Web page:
THE damage from an earthquake in a mountainous area of Japan that hosted the 1998 Winter Olympics is worse than initially thought.
A daylight assessment yesterday found at least 50 homes destroyed in two villages in the overnight quake and 41 people injured across the region, including seven seriously, mostly with broken bones, officials said.
The magnitude-6.7 earthquake struck shortly after 10pm on Saturday night, west of the city of Nagano at a depth of three miles, the Japan Meteorological Agency said.
The agency revised the magnitude and depth from initial estimates. The US Geological Survey recorded a magnitude of 6.2. Since the quake occurred inland, there was no possibility of a tsunami.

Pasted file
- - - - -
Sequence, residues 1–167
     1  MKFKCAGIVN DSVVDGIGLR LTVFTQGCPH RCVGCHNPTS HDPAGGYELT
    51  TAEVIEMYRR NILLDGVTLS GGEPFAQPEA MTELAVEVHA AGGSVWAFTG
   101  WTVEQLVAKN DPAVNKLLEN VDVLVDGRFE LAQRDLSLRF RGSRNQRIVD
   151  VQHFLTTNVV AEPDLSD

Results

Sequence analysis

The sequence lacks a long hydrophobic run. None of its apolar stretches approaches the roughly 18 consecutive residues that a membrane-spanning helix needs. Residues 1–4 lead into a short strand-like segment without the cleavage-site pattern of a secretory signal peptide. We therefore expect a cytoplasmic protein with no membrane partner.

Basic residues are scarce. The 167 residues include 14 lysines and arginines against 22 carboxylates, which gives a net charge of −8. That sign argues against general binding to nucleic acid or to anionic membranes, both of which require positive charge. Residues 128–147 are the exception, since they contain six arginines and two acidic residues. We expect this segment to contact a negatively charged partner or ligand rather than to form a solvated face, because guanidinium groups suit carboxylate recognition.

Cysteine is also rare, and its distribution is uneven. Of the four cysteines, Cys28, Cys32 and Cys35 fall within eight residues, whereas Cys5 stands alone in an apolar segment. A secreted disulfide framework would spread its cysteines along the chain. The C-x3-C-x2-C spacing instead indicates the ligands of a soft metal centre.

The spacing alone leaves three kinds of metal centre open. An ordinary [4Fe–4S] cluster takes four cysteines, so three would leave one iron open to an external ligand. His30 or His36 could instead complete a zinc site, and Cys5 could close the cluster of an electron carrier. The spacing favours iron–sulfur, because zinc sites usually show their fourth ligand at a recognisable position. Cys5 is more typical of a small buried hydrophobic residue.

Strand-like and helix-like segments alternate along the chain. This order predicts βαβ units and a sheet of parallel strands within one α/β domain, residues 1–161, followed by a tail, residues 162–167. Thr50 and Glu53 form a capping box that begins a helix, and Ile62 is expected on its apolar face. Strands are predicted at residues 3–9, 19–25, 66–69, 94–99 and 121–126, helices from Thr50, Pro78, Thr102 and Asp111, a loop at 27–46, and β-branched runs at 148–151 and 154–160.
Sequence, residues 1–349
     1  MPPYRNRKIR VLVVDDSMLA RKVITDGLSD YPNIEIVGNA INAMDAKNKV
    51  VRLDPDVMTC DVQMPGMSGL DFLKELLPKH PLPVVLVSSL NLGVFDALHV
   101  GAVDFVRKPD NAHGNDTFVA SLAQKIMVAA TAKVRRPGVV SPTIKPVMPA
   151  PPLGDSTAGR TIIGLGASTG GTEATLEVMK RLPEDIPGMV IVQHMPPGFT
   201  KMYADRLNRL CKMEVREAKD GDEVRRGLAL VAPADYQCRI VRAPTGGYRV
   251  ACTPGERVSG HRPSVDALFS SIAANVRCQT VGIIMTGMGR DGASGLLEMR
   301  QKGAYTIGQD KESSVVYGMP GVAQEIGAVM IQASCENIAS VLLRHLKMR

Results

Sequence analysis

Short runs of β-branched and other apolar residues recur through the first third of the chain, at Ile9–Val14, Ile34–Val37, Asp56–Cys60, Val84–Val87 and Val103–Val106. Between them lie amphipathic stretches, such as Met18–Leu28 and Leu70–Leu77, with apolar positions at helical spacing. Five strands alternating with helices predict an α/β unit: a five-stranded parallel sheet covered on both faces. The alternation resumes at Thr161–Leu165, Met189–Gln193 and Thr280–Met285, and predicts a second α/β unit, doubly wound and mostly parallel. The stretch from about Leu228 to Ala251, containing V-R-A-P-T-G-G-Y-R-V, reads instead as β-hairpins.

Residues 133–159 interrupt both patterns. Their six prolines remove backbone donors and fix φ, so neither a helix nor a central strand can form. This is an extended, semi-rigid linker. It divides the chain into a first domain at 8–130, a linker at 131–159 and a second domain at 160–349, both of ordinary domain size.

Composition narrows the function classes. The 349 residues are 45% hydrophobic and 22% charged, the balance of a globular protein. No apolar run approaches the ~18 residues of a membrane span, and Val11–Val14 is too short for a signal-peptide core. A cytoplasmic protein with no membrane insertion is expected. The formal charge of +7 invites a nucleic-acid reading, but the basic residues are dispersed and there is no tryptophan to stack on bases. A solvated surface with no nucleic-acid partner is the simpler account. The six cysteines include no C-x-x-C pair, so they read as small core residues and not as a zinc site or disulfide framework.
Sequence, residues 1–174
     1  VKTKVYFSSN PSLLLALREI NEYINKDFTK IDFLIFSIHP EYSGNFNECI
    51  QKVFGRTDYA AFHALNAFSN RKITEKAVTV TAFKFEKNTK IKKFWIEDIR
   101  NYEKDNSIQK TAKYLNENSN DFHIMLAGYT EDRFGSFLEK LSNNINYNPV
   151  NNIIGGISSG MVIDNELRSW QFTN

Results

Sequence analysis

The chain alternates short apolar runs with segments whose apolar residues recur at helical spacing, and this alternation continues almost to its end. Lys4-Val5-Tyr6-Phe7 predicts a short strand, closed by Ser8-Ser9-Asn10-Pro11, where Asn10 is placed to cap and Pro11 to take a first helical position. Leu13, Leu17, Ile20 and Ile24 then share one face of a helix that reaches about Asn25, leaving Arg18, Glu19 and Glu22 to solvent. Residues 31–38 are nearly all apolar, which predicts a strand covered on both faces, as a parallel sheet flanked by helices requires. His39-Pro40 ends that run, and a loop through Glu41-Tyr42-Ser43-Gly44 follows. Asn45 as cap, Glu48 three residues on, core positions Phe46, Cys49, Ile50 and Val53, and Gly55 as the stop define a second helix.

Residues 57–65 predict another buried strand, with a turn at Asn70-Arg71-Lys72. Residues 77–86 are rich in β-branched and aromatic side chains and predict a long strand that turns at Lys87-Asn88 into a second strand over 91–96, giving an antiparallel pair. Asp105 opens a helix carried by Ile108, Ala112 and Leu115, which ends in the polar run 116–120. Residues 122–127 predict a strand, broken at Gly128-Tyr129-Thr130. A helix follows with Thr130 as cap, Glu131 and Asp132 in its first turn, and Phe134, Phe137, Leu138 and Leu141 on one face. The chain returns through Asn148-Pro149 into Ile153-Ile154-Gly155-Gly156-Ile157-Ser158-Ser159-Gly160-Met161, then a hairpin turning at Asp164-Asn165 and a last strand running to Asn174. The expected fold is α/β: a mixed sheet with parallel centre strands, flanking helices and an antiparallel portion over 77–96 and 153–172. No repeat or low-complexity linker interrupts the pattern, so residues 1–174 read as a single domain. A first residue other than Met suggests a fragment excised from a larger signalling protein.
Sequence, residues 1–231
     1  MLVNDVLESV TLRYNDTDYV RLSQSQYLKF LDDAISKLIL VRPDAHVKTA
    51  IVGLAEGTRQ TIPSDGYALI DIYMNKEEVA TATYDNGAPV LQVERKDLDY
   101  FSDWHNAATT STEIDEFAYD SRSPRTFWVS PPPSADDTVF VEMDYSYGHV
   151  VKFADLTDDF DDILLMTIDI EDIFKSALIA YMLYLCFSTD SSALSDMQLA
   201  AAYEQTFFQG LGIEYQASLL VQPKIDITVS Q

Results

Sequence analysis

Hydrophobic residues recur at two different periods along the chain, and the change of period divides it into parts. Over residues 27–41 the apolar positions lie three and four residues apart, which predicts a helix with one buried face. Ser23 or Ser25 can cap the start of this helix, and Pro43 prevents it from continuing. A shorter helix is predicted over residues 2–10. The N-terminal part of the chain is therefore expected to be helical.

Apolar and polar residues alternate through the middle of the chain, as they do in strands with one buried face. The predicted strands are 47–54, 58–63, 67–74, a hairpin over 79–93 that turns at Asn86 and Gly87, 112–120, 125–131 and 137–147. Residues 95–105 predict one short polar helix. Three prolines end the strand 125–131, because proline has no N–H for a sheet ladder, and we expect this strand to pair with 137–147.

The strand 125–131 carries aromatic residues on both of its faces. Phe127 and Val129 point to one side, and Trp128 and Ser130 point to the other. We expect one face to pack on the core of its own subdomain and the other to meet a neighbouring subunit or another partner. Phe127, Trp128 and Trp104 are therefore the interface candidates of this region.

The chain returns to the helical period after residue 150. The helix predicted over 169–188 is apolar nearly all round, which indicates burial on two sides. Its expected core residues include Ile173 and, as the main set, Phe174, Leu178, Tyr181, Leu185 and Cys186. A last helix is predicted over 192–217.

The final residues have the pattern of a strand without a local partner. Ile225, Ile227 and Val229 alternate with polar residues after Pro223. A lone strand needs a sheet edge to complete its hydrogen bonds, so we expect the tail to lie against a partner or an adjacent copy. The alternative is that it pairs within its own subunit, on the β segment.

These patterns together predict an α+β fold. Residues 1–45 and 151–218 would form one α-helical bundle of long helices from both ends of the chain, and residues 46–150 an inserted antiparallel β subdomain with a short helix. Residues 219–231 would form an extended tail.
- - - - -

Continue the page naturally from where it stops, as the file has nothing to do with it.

Ryo Nishino, a restaurant owner in Hakuba, a ski resort village west of Nagano, said he had “never experienced a quake that shook so hard. The sideways shaking was enormous”.
Japan’s Nuclear Regulation Authority said no abnormalities were reported at three nuclear power plants in the affected areas. All of Japan’s nuclear plants are offline following a magnitude-9.0 earthquake and tsunami in 2011 that sent three reactors at the Fukushima Daiichi plant into meltdown. Fukushima is about 155 miles north-east of where Saturday’s earthquake occurred.
The hardest-hit area appeared to be Hakuba, which hosted events in the 1998 winter games. At least 43 homes were destroyed there, and 17 people injured, disaster agencies said. Another seven homes were lost in Otari, a village to the north. Non-residential buildings were also destroyed. Japanese television footage showed buildings in various states of collapse, some flattened with others leaning to one side and deep cracks in the roads. A landslide spilled on to a railroad track. About 200 people from Hakuba and Otari had been evacuated.